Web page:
Book review by Houman Barekat
An interesting worth reading book review on politics and philanthropy.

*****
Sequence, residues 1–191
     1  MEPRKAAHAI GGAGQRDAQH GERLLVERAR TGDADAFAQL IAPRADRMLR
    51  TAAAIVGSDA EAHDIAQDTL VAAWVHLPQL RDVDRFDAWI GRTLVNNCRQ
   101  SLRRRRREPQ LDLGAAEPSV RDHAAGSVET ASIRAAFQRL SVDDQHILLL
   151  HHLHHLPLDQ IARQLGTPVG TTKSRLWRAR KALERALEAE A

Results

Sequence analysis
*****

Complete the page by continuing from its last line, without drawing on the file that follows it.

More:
In this well-researched study, Inderjeet Parmar, a Professor of Government at Manchester University, examines the rise of the philanthropic foundations as a political force, first within the United States and later, after World War II, as an unofficial wing of the US foreign policy establishment. Though they are dwarfed today by the dizzying wealth of the Gates Foundation, America’s original ‘big three’ foundations – Ford, Carnegie & Rockefeller – played a leading role in building and sustaining US global leadership in the last century. While their mission statements invariably made reference to achieving economic betterment for the ‘general population’ or ‘the people’, the foundations largely failed in their stated aims of eradicating poverty and improving living standards for the poor, a failure they readily admitted. As the century wore on, their humanitarian goals were gradually marginalized in favor of a utilitarian, technocratic managerialism. National economic development – rather than social ‘uplift’ as such – was their overriding goal; the distinction is subtle but important, illuminating the broader distinction between a ‘nation’ and its ‘people’. This is, therefore, essentially a book about the relationship between state and society, and about how power works within that relationship.
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